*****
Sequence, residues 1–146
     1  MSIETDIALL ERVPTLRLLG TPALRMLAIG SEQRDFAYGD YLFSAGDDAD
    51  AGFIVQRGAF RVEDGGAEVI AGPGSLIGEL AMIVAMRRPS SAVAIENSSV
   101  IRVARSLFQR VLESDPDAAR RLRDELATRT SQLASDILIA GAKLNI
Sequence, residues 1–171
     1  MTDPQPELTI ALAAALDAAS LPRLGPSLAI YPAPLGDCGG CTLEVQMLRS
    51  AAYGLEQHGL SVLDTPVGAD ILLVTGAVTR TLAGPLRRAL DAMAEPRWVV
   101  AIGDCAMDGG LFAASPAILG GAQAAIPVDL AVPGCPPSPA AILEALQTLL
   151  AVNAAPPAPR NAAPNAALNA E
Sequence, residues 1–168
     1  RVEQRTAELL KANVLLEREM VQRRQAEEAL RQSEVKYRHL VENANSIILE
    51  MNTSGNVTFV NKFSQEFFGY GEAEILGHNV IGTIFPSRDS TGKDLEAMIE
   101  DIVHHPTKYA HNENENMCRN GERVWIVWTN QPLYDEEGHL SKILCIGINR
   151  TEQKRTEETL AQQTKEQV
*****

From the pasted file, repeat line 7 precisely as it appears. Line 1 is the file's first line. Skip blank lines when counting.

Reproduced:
    51  AAYGLEQHGL SVLDTPVGAD ILLVTGAVTR TLAGPLRRAL DAMAEPRWVV